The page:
Since my children are both doing school at home, I am their science teacher. I figured getting what they needed for science labs would be easy enough. After all, most substances, like Epson salts and steel wool without soap, were easy enough to find at local grocery stores or hardware stores. And when I needed a few tests tubes for an experiment, we found San Jose Scientific, a scientist supply store, ironically located in Santa Clara.
I figured San Jose Scientific would be my go-to place for any substances I couldn’t find easily. But even though they’ve got all the equipment for a laboratory, as far as I can tell, they don’t really carry a lot of chemicals.
I needed some hydrochloric acid for a geology lab for Neil, so he could see how some rocks (with calcite) fizz when a mild acid is dropped on them. It turned out that if I wanted hydrochloric acid, I needed to go to a pool supply store and buy muriatic acid, which is simply hydrochloric acid under another name. It was only sold in 2 gallon sets, and of the 1/2 cup of it I needed, I had to dilute it from 30% acid to 10% acid. But it worked for the experiment, and killed some weeds in my backyard as well.
Oh, and the rocks for the experiment I had to order online from Edmund Scientific, a big but somewhat pricey science supply store. On the other hand, the rock samples have continued to come in handy as Neil continued to study geology with the one book that turned out to be not too simple and yet not too boringly textbook bland and dry.
More recently, I had to get alum for an upcoming experiment. It’s one of the simplest things: it’s used in styptic pencils, which men used to use to heal up shaving cuts quickly, and as a deoderant, and I was told it could be found any decent pharmacy. But pharmacy after pharmacy didn’t stock it, so finally I put in a special order for some (for a whole $5) from the Longs drugstore.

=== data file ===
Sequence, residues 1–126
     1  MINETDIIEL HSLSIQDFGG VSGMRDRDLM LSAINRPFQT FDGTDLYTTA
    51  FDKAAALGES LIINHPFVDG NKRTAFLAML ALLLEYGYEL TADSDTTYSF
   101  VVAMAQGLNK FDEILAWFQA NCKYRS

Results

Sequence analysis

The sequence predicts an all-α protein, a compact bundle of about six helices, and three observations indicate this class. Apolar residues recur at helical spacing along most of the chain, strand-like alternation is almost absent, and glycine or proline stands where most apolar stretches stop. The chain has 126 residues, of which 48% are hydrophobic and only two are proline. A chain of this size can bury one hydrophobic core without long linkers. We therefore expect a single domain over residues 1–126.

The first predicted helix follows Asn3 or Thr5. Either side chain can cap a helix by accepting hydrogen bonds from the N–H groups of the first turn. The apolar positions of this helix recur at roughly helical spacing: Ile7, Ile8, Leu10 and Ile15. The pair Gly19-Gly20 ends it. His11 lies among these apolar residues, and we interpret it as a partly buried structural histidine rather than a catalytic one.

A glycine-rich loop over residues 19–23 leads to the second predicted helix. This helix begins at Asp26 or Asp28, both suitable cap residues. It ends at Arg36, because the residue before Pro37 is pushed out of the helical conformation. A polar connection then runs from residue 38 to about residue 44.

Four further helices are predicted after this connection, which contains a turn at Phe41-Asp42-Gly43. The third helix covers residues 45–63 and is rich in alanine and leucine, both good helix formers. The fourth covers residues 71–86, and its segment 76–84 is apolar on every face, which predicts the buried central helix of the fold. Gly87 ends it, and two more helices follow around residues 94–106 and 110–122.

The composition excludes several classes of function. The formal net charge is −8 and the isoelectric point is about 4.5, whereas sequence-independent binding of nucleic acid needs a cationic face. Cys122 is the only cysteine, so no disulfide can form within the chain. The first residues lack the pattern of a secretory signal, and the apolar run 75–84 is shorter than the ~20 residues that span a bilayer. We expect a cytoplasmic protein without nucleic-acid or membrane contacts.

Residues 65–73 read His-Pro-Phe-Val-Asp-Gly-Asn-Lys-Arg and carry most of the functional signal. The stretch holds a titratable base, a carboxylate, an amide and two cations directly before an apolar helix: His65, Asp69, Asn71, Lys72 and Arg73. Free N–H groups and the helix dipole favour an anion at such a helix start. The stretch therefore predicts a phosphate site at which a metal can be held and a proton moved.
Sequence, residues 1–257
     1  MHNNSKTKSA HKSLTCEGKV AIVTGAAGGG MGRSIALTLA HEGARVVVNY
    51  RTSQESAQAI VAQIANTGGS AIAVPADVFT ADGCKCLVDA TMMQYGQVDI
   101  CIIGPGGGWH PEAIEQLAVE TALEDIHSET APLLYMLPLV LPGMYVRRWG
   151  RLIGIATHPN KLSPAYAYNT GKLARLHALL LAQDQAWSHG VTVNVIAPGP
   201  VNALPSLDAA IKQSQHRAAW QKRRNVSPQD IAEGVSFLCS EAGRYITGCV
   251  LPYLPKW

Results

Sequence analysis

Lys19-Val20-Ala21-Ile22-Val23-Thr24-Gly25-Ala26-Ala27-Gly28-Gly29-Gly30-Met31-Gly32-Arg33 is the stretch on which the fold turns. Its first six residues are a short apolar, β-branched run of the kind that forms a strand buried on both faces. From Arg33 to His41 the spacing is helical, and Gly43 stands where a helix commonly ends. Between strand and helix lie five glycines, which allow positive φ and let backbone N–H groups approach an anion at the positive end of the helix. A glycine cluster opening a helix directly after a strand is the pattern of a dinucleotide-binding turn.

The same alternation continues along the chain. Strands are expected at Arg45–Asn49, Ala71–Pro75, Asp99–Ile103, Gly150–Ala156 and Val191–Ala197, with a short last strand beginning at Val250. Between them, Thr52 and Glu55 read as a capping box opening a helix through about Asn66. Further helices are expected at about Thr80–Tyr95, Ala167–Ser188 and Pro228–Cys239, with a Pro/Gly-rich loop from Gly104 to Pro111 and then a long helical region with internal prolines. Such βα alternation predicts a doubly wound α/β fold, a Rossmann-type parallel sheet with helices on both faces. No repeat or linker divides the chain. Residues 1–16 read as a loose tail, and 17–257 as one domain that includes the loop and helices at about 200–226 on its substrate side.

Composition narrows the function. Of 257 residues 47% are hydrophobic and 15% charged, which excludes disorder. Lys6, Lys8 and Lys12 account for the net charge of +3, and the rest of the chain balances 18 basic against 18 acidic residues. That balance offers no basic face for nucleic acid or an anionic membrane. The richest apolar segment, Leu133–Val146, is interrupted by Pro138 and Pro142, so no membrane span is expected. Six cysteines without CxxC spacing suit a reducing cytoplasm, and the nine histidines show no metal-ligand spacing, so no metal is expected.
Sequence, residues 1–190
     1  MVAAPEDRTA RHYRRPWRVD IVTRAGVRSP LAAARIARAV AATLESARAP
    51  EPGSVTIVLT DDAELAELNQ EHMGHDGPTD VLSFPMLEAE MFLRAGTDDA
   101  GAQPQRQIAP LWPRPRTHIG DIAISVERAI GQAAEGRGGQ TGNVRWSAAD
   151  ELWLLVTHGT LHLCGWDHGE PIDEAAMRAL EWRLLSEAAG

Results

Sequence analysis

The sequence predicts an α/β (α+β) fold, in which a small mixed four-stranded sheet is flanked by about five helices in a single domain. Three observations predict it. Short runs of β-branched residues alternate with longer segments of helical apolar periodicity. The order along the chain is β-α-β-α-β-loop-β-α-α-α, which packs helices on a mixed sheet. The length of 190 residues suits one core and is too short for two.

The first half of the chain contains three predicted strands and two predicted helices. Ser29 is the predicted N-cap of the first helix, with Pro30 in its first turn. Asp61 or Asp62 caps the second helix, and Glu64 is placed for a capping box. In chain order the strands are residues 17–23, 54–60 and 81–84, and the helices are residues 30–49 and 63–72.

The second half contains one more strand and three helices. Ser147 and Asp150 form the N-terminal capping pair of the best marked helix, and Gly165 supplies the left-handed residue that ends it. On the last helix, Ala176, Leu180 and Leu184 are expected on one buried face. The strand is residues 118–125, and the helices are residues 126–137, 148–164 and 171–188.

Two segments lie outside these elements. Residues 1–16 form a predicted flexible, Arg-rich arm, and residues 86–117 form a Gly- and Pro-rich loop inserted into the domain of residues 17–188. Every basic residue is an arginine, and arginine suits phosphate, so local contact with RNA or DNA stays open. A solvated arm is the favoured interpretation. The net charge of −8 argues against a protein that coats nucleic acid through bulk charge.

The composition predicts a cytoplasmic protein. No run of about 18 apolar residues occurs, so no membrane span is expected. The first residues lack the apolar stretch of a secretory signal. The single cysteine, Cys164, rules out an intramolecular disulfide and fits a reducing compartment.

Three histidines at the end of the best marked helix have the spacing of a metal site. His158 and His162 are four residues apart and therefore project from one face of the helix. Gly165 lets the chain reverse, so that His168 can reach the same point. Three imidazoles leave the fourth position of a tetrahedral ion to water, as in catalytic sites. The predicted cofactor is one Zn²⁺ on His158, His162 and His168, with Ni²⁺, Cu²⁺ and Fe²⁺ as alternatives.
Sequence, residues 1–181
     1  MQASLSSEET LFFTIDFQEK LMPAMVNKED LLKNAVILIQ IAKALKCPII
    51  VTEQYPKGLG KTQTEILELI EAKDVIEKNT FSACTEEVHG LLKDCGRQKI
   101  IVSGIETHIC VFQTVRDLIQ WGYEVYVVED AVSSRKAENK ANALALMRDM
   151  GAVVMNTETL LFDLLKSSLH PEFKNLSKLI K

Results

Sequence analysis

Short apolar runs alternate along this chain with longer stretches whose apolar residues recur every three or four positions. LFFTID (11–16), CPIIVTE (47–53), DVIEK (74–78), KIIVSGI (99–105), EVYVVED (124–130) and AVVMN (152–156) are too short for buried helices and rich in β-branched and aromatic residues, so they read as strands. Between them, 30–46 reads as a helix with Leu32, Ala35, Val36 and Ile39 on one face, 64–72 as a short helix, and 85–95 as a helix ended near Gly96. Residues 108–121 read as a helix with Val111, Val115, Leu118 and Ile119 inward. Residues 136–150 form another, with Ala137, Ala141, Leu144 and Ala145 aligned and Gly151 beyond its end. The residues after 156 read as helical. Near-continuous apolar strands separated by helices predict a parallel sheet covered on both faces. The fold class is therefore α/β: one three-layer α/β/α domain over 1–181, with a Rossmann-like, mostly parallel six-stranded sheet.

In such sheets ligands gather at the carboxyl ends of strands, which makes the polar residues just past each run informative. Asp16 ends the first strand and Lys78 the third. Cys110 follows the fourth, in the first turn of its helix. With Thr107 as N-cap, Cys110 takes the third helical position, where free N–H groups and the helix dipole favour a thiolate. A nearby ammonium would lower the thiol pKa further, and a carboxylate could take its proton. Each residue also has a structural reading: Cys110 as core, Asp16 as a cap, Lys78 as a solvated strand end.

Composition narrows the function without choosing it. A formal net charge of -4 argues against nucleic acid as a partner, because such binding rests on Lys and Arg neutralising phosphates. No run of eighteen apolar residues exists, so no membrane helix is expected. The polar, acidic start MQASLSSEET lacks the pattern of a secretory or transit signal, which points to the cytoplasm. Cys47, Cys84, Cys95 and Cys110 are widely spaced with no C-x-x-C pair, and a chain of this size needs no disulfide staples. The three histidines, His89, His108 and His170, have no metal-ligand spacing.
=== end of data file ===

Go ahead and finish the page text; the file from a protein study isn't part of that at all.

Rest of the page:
At this point, I’d already identified myself as the crazy homeschooling science teacher, so I asked the pharmacist for some citric acid crystals as well. I want to use them for one of Kelly’s park craft days to create fizzy drinks and something vaguely similar to pop rocks. According to the books which gave me the formula, citric acid can be found at any grocery store. Ha! Smart & Final sure didn’t have it, and the clerks at Safeway had never heard of it. Of course, the clerks at Safeway have also never heard of sauerkraut, and I have had to lead them personally to red wine vinegar and liverwurst so they can witness these products are actually carried by their store, so if citric acid is in Safeway, there’s no way I would ever be able to find it without knowing where it’s supposed to be in the first place.
So when the pharmacist told me I could find citric acid crystals at a grocery store, I told her of my impossible quest in the face of clueless clerks. And so she (an Indian immigrant) directed me to the local Indian grocery store near my home, and not only wrote down the name for citric acid crystals in Hindi (which she also told me is sometimes called lemon flour), but also the names of the people at the Indian grocery who would help me. And when I went there, the proprietor called a stock clerk to help me, but when he couldn’t find it, one of the other customers came up and pointed it out to me. The store was no bigger than two aisles at Safeway, but this Indian grocery had citric acid crystals and knew where to find them. It was packaged in small convenient packages and inexpensive; so if you need citric acid crystals, apparently, the lesson is to go to your local Indian grocery.
And I’ve had all this adventure only while Neil was studying geology, and while Kelly is dabbling in early science concepts. I wonder how wide and far I’ll be needing to search for “household” chemicals when Neil is actually studying chemistry next year.